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Monday Conversation: GP of Ireland winner Josh Coppins

Everyone came to Desertmartin in Ireland for the 13th round of the FIM World Championship expecting to see the already-crowned Stefan Everts take GP win number one hundred and continue his relentless march to a perfect season in the MX1 class. But CAS Honda’s Josh Coppins had other plans. The 29-year-old New Zealander knew that time was running out if he was going to claim a 2006 GP win before he replaces Everts himself at Rinaldi Yamaha in 2007. It’s been a difficult campaign for Coppins, as he dislocated his shoulder in the week before the first GP and didn’t actually enter the series until round eight. But yesterday he finally had his day, carding a 2-1 to take the overall.

Racer X: Congratulations, Josh. How important it to beat Stefan on one of his good days, rather then winning a GP that he crashes in or suffers a mechanical?
Josh Coppins: It was really important for sure. It feels good to win like that. We lapped up to third place in the second race, and we were one minute ahead of the guy in third place in the first race. We were both hauling.

It seems you’ve stepped it up a level since the previous GP in Namur three weeks ago.
Yeah, I have. In Namur I was good, but not as good as here. I was close to Stefan at Namur, but physically, I just hadn’t had enough time on the bike.

Is it that old adage, There’s a difference between being fit and being race-fit?
Yeah. You normally have about seven races before you start the GP season, and now I’ve had something like that since I got back on the bike after my injury. I’ve reached that level now.

I actually thought you were going to win the first race, because when you were running in second, Stefan’s lap times seemed to drop by a couple of seconds, and you caught right up with him, but then your lap times dropped as well.
I think I could have carried on running those times, but I got caught up behind lapped riders. You could see that I could close back up when I passed them. But I think the problem was that the lappers aren’t used to there being someone right behind Stefan. When they let him by, they’d pull straight back in on the line. That happened four or five times. It made it that much more hard work, and I ran out of time. I felt I had the speed, though, so I was disappointed with that.

Did that give you confidence for the second race, and did you save any energy at the end of the first race?
I didn’t save any energy. I pushed right up until the end because I still thought there was a chance. I think that the real difference in the second race was that I found some better lines, and I was determined to win.

Stefan actually passed you in each race. Did you let him through either time?
The first race I did, more or less. I could have blocked him off, but I didn’t. That was a plan. I’d been speaking to my trainer [former 250cc World Champion] Jacky Vimond, and that was the idea: slow down a little bit, let him through and follow him, and then try to come back. I think it would have worked if I’d got more of a clear run.

In the second race, wasn’t there a yellow flag, just before he passed you? Did you lose some momentum?

Yeah, there was. I wasn’t really sure where to go or whether to make the jump in that section or not.

Then three laps later you passed him back.
Yes, I had been struggling with my breathing. But when I slowed down a bit, I felt much better. I followed him, and I could see that if I kept pushing him I could pass him back.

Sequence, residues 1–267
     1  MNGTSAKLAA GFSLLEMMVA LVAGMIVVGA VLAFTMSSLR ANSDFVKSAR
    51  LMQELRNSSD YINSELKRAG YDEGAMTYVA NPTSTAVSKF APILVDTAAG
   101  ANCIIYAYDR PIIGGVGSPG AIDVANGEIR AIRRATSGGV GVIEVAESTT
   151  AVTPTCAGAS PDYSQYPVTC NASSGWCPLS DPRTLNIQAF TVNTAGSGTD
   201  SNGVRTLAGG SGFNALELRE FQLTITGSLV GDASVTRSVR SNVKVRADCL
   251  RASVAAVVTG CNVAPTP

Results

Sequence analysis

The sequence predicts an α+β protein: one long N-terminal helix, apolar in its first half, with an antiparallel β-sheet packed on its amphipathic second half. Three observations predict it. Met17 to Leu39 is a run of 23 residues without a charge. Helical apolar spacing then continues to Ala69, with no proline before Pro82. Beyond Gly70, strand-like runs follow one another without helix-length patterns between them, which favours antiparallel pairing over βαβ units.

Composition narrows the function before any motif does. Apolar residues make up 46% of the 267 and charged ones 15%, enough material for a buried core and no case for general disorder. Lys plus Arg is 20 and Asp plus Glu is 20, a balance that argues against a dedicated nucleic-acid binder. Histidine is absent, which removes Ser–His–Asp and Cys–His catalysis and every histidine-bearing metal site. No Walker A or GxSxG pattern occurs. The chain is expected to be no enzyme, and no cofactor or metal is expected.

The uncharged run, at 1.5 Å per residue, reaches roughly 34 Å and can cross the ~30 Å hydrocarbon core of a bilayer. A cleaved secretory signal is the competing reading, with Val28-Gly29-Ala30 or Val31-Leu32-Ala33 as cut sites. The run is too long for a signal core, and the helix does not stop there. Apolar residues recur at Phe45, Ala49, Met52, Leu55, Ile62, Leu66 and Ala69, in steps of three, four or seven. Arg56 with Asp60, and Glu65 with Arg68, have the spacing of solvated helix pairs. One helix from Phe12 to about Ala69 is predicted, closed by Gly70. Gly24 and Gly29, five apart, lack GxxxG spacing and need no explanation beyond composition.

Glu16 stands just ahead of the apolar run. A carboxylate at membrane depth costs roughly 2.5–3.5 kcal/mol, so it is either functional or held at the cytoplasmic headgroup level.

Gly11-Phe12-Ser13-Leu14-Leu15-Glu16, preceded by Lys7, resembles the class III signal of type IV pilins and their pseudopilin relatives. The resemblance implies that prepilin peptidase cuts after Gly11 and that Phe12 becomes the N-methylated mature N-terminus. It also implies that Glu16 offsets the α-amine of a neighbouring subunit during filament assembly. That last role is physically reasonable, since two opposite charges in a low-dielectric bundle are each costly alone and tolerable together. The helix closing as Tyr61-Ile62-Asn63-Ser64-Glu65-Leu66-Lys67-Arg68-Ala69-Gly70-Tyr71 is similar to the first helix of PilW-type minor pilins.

How much confidence does this give you now for the rest of the season?
It gives me a lot. Obviously Lierop [in the Netherlands]—which, because of the deep sand, is actually more Stefan’s playground than Namur is—will be tough. But at the final round at Ernee [France, on the hard-pack] I think I have a shot.

But it’s pretty sandy and rough here too. Did you have any sense you could win this weekend?
I’ve been trying to get up to speed, and I knew before Namur I was running out of time. At that point we had four GPs left, and two of them were sand, here in Ireland and then Lierop. I was thinking I didn’t want to leave it until the last GP of the year. So I really tried in Namur but I couldn’t make it happen.

So you didn’t really think you could win here then?
Well, he rode so well here last year when he chased Ben Townley down. I knew it would be difficult.

At what point in the second moto did you know you had it won?

When I saw “+4” on my pit board, I just thought, Attack, attack! He’s such a great rider and competitor, I’d been thinking he could do the same to me as he did to Ben. Then when I saw “+9” a lap or so later, I knew I had him.

You ran faster laps in the second race. Wasn’t the track rougher?
It was rougher, but in the first race there was a yellow flag in the rhythm section more or less the whole time. In the second race, though, I was able to triple in, which was much faster.

How much confidence does this give you for next year?
I think it’s cool for next year. Plus the fact that I came back at the British GP at Matterley Basin after just twelve days riding and got on the podium. I’ve just got to dial the Yamaha in to exactly how I want it and we will go from there.

Of course, that brings us to the Nations, also at Matterley. What pace can you run there?
I’d like to show myself to the Americans, because I’m never going to be a factory rider over there. And I’m disappointed Chad [Reed] isn’t coming. Last year Carmichael pretty much done me, but Ben was able to stay with him. I really don’t know…. Carmichael is ahead of Everts, but if I had my best day ever, maybe it’s possible. I’m not going to say I’m going to race with him—Carmichael’s an unbelievable rider—but I’d like to think I could!

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